Less than two years ago, it looked like the ethical debate over human embryonic stem cells might be coming to an end. In November 2007, two research groups, one at the University of Wisconsin-Madison and another at Kyoto University in Japan, announced that they had succeeded in directly reprogramming human skin cells into stem cells. Earlier this year, Canadian and British researchers reported even better news. They have developed a new way to create such cells without using viruses, which pose a risk of producing tumors by damaging the transformed cells' genes.
Yesterday, as many as 700 new stem cell lines were approved for use in federally funded research by the National Institutes of Health, reversing the policy of the George W. Bush administration to restrict funding to just a handful of approved cell lines on ethical grounds.
With the new stem cell lines comes a new round in the debate over cells and souls. "These guidelines encourage researchers to go out and destroy embryos for taxpayer-funded research," Richard Doerflinger of the U.S. Conference of Catholic Bishops told TheWashington Post. "You and I were once human embryos, and each embryo has the inherent potential to grow into you and me."
Stem cells derived from skin cells sidestep the ethical concerns that some people have about destroying embryos to produce stem cells because they supposedly cannot develop into human fetuses, much less full-term babies. But is that so? In 2007, a team of researchers led by Massachusetts Institute of Technology biologist Rudolf Jaenisch showed that stem cells from mouse skin cells—induced pluripotent stem cells (iPSCs)—could be grown into mouse embryos. The team achieved this feat by injecting stem cells produced from mouse skin into special tetraploid blastocysts which can produce only placental tissue. Tetraploid blastocysts are produced by jamming mouse zygotes together so that they join to create cells that have twice the DNA of normal cells. The pre-implantation embryos composed of tetraploid cells and iPSCs can develop to term after being transferred into the womb of a surrogate mother. In other words, mouse skin cells can be transformed into mouse embryos. There is no reason to believe that this would not also work for human skin cells.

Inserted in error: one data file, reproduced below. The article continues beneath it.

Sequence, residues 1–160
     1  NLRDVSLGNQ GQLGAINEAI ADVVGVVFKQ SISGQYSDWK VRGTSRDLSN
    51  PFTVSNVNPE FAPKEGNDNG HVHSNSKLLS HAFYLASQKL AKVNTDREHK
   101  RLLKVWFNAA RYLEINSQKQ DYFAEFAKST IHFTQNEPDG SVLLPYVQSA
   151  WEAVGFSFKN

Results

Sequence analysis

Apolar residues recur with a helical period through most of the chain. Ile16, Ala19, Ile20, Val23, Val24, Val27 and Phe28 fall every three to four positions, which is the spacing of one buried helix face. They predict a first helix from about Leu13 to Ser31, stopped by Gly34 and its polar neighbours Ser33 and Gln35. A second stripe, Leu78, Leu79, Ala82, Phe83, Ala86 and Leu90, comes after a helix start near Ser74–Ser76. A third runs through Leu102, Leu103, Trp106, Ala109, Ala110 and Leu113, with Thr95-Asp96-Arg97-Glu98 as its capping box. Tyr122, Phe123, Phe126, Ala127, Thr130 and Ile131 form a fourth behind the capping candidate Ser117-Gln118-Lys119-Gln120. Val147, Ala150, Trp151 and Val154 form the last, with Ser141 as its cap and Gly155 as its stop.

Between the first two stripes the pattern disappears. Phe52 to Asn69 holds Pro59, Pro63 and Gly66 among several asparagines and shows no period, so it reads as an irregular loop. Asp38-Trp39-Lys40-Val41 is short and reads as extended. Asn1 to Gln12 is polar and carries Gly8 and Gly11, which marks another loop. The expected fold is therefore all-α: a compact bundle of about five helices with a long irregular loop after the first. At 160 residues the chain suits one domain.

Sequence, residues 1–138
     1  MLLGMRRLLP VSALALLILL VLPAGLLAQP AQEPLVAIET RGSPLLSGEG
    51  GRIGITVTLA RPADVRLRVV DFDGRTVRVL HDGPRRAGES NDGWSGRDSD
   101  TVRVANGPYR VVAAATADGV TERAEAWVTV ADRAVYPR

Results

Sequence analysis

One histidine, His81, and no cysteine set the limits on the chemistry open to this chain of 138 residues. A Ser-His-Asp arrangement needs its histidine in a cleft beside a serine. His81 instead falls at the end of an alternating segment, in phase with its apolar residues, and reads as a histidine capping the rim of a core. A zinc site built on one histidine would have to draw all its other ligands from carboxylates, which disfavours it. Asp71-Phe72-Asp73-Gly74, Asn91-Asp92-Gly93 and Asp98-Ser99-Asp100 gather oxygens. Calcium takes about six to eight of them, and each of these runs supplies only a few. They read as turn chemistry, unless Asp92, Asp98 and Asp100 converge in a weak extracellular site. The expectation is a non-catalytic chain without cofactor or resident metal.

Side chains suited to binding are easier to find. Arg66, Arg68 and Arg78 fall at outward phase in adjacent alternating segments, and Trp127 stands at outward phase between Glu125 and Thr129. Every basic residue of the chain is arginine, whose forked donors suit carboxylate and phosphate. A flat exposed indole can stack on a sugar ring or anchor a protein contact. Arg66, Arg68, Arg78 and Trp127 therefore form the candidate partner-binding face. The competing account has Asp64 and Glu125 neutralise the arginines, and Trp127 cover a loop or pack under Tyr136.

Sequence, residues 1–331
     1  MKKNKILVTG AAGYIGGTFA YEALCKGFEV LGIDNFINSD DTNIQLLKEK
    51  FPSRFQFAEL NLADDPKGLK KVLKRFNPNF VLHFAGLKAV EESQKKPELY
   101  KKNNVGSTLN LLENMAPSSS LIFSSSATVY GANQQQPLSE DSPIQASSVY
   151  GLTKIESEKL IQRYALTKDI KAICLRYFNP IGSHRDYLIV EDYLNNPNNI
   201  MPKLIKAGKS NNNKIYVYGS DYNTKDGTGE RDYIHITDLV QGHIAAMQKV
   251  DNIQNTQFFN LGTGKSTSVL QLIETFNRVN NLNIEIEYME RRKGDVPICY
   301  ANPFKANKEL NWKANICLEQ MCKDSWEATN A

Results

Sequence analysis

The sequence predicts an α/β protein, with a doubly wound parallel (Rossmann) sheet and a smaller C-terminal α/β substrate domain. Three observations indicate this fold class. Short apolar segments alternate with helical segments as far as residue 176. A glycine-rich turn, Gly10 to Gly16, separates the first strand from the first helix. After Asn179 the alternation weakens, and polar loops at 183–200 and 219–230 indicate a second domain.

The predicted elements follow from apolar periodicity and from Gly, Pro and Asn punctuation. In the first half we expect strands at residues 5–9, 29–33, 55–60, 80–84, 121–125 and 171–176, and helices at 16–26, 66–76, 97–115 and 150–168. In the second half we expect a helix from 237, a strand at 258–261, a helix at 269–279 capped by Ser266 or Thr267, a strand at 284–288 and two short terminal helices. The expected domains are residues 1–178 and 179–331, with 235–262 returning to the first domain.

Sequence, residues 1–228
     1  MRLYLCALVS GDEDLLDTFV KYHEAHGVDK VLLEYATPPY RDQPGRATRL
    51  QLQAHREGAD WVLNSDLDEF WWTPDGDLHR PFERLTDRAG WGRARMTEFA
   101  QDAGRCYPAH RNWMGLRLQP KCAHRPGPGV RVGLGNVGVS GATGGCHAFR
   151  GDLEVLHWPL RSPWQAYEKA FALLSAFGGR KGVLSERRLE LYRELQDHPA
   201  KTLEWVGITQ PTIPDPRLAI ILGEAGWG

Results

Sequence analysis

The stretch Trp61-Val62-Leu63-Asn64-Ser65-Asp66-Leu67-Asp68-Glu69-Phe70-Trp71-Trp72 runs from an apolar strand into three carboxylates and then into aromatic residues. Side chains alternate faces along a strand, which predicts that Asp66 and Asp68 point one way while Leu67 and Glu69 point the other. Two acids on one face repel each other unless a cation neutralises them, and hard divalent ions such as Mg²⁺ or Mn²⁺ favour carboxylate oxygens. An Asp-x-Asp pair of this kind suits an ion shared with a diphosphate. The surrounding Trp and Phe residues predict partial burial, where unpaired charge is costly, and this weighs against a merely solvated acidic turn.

This development has prompted a biologist and a bioethicist to take on the argument that the "natural potentiality" of human embryos to develop themselves means that they must be accorded the full moral respect we give to adult human beings. As Duquesne University bioethicist Gerard Magill and Stowers Institute for Medical Research president and biologist William Neaves assert in the March 2009 issue of The Kennedy Institute of Ethics Journal (subscription required), "a reprogrammed human cell is not fundamentally different from a nuclear-transfer or natural fertilization zygote in its ability to become a fetus."
They acknowledge that a conventionally produced or cloned zygote makes its own placenta while the reprogrammed skin cells must be provided one. Is that enough to make a difference in the cells' moral status? Magill and Neaves don't think so. They point out that placental cells need signals from embryonic cells in order for a placenta to develop as well. Magill and Neaves go on to speculate about the possibility of using direct reprogramming to create induced totipotent stem cells from skin cells. In this case, the reprogrammed skin cells would have the capacity, if installed in a womb, to produce all embryonic stem cell lineages including placental cells.